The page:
• July 17, 2018: As planned, the Virgo and LIGO detectors stopped taking data for the ‘Observation Run 2' - O2 - on the 25th of August, 2017. For both collaborations, this marked the beginning of a new and busy period, which is scheduled to last at least one year (see timelines on the left). During this time, the sensitivity of all three instruments (that is, their ability to detect signals even fainter than those observed in 2015 and 2017 or coming from similar sources, but located further away in the universe) should be improved significantly. Then, in early 2019, the data-taking period – O3 – will start and last for about one calendar year. 17)
- On the Virgo side, three phases were foreseen. First, commissioning activities were undertaken until mid-autumn, in order to improve our knowledge of the detector configuration that was used to take data, and to fix issues identified during the August 2017 run. Indeed, for all large facilities such as Virgo, the golden rule is to disturb the instrument as little as possible while it is running. Only issues preventing the taking of data are promptly fixed and only straightforward improvements are allowed. Therefore, it was only after the end of the O2 run that people working in the Virgo control room were able to carry out many different tests and modify the hardware and software configurations of the detector.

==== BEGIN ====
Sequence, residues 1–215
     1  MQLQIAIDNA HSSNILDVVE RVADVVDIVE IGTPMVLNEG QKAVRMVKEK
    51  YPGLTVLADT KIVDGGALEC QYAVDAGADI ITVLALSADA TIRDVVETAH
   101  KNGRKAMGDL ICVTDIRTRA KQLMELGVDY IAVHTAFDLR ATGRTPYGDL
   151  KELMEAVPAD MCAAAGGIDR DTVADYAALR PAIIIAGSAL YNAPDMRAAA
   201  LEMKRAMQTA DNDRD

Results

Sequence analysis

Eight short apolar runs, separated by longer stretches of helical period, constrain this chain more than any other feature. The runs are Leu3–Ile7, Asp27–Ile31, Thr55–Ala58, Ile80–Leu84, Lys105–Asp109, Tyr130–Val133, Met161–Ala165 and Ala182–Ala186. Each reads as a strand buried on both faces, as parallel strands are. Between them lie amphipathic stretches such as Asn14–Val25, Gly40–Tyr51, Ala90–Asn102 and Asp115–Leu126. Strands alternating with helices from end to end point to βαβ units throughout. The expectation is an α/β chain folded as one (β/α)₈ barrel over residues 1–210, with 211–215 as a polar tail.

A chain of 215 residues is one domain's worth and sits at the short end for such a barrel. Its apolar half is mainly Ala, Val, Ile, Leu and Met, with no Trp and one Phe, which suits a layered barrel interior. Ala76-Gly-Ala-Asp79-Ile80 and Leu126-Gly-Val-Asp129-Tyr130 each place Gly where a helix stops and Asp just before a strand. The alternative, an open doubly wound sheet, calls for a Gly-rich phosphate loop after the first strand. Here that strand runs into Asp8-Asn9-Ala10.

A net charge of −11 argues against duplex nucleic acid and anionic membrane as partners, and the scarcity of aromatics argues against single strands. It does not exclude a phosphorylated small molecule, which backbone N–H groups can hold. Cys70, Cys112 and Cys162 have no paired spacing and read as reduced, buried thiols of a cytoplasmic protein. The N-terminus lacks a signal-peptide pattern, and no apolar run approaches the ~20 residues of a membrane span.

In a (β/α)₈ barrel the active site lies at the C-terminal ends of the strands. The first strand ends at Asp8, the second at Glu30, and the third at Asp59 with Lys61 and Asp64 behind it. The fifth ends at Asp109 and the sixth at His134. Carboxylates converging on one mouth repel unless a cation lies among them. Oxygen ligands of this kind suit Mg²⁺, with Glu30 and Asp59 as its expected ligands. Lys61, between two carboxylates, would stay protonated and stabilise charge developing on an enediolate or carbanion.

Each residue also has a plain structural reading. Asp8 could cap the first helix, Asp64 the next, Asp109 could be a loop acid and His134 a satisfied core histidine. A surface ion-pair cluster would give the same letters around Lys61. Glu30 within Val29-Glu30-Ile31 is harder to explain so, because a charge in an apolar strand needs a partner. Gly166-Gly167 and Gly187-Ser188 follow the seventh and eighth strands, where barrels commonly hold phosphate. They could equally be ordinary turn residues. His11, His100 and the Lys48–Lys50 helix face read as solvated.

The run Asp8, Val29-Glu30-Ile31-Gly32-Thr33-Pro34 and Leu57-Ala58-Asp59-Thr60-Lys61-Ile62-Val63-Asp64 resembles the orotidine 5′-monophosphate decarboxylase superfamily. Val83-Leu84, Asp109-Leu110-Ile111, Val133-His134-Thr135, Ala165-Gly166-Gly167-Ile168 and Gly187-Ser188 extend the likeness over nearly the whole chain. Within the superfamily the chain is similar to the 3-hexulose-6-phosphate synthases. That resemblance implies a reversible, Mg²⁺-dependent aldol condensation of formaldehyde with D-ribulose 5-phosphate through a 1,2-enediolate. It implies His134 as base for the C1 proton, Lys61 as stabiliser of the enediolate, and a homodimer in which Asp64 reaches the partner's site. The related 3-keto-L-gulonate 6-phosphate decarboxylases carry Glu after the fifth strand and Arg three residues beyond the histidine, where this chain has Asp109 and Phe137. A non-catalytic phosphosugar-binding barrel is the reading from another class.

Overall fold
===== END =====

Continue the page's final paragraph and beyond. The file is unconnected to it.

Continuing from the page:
Figure 9: LIGO-Virgo Joint Run Planning Committee, Working schedule for O3 (LIGO-G1800889-v4), image credit: LIGO-Virgo Collaboration